FIRST-PERSON: Beware of fool's gold

by Ray Parascando, posted Wednesday, May 18, 2016 (one year ago)

STATEN ISLAND, N.Y. (BP) -- There is this common saying that all that glitters is not gold. In searching for gold, people usually come across its counterfeit, called pyrite.

Pyrite glitters like gold and is easier to find, usually in the same region where there are gold deposits. Its discovery can spark hope of becoming a millionaire, but it is short-lived. Sudden disillusionment will set in when a goldsmith reports that it is not gold that has been discovered, but fool's gold.

We can avoid this agony by learning how to test whether what glitters is real gold or pyrite. One method is to rub your discovery on the rough side of a ceramic tile. If the glittering remains, then you have discovered real gold. But if it leaves a black streak, you have fool's gold.

This same process should be applied to our beliefs about God, particularly when it comes to seeking prosperity. Some preachers have become New York Times best-selling authors with books assuring that financial and medical blessing is God's will for every Christian. This reality is possible, they say, for those who speak it into existence and believe.

Be careful not to fall for the glitter that it projects.

As you rub the principles of the prosperity gospel against God's Word, it quickly becomes black. God never promised that every person who claims to be a Christian would be financially independent if they just adopt prosperity gospel teachings.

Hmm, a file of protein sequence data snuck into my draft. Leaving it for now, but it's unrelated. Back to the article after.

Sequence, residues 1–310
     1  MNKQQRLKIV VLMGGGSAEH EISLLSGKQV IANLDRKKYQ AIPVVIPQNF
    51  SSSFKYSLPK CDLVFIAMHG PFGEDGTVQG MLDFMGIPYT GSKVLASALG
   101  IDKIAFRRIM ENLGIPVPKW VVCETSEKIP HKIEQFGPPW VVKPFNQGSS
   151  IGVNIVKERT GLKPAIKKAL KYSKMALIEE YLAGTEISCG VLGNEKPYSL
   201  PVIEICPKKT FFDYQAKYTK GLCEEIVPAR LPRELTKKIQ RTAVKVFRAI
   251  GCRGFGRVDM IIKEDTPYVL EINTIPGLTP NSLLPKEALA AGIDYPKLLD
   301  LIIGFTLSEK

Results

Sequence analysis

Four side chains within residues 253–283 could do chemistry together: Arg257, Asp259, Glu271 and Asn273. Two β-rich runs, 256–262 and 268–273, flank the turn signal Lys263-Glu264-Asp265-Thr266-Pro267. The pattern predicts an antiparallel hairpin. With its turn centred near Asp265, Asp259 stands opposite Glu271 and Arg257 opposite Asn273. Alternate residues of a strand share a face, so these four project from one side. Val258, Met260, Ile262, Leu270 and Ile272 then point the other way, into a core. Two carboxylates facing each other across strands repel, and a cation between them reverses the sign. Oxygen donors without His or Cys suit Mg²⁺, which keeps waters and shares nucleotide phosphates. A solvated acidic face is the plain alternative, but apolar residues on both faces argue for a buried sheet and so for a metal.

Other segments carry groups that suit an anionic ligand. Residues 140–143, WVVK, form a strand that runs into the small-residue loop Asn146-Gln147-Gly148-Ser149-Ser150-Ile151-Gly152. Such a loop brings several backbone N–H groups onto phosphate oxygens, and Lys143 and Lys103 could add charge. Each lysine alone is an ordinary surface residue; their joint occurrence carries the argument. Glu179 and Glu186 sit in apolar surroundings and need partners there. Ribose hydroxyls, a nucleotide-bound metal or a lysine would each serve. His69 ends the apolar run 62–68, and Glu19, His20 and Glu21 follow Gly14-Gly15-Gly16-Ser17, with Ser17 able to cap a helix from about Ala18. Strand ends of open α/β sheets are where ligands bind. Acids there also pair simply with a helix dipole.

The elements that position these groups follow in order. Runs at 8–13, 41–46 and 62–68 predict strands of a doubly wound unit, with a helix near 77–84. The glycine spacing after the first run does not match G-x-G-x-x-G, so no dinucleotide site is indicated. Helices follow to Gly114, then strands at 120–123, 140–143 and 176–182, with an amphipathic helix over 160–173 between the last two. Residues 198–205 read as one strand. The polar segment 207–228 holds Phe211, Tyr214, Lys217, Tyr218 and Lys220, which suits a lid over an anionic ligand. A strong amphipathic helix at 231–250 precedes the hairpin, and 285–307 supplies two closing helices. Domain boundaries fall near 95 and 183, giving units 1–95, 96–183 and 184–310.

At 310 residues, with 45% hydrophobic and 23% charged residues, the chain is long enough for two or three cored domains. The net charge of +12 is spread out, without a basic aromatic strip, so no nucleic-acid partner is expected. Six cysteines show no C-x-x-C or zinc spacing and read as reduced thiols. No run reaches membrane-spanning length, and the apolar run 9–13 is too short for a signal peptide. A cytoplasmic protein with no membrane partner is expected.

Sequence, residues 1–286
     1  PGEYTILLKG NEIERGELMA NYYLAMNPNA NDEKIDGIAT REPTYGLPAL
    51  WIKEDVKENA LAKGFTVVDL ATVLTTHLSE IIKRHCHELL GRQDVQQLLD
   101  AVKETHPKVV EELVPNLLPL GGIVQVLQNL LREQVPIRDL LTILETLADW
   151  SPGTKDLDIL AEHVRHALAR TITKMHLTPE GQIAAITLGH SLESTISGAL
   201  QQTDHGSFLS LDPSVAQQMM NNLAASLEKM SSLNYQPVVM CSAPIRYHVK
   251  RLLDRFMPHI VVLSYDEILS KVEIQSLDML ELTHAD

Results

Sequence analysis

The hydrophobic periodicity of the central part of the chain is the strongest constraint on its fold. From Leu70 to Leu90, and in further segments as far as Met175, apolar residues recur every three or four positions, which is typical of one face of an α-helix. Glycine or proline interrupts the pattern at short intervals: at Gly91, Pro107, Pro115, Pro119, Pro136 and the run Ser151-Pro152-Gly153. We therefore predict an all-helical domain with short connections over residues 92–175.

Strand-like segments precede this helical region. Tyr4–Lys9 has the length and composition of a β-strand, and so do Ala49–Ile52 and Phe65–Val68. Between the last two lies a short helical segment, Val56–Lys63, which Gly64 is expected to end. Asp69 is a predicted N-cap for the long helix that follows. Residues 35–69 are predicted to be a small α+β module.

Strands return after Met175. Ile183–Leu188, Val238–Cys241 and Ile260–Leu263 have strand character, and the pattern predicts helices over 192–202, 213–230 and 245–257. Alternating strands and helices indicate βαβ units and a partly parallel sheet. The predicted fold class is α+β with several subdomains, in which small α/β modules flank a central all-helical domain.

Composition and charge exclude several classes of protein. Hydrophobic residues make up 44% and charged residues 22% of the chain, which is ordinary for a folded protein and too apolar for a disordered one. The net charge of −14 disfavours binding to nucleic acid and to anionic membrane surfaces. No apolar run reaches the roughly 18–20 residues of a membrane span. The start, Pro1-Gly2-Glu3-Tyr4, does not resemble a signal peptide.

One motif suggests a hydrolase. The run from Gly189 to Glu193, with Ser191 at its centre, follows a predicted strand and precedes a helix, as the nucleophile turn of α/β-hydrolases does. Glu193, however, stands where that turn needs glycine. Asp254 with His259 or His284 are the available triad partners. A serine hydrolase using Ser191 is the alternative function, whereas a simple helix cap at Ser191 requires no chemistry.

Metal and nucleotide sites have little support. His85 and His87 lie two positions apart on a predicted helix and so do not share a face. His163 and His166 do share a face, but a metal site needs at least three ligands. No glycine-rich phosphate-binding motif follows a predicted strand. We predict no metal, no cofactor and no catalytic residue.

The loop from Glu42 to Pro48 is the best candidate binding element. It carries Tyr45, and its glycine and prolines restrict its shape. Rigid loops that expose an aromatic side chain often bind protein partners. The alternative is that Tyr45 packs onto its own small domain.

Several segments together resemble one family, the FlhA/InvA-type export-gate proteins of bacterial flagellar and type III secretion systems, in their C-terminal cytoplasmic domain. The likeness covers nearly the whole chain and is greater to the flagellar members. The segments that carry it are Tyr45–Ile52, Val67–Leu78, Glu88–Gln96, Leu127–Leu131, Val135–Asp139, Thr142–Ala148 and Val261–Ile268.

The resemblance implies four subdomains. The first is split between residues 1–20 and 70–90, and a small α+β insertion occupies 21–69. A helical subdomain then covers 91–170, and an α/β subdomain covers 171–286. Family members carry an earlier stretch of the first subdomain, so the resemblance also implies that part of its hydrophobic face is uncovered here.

When Jesus spoke of "asking, seeking and knocking," it was in the context of His Kingdom message of trusting God, not the system that the religious leaders were profiting from. Whenever Jesus discussed riches, it carried an eternal perspective. Taking a holistic view of the Scriptures, discussing financial blessing without connecting it to God's greater Kingdom plan is to teach outside the will of God.

Seek what God is interested in doing in your life. As we get closer to God, we will realize that His desire is to bless according to His purposes and in His time. The focus is God, not cars, promotions, boats or other non-essentials.

God wants to bless your humble prayers. Instead of yearning for earthly riches, ask for heavenly blessings such as wisdom. This is the type of prayer that God honors. It is how King Solomon prayed in 1 Kings 3:9: "So give Your servant an understanding heart to judge Your people to discern between good and evil. For who is able to judge this great people of Yours?"

God had given Solomon a blank check for his prayers. He could have asked for more power, more possessions and more pleasure. Instead, Solomon asked for wisdom, which became the noble hallmark of his life.

Praying for wisdom is your best prayer for raising your family, advancing in your career goals, dealing with relationship drama, finding ways to pay the bills, investing your money, getting out of debt or even buying something new like a car. Asking God for wisdom will also serve as that necessary "selfish filter" which we all need.

Focusing on God prospering your soul doesn't mean you can't ask Him for needs and even some righteous wants. He desires to provide for His people. The apostle Paul, after encouraging the church at Philippi on contentment, reminded them in their time of poverty to trust and wait on God's provisions. "And my God will supply all your needs according to His riches in glory in Christ Jesus," Paul wrote in Philippians 4:19.

If you're asking with the right heart and the right focus, the Spirit will filter out the nonsense. Pray expecting God to provide but do so without trusting in your own power to "make" or "cause" God to answer. Pray with confidence balanced with humility. This will help you know the difference between false gold and God's gold for your life.

Ray Parascando is pastor of Crossroads Church in Staten Island, N.Y.
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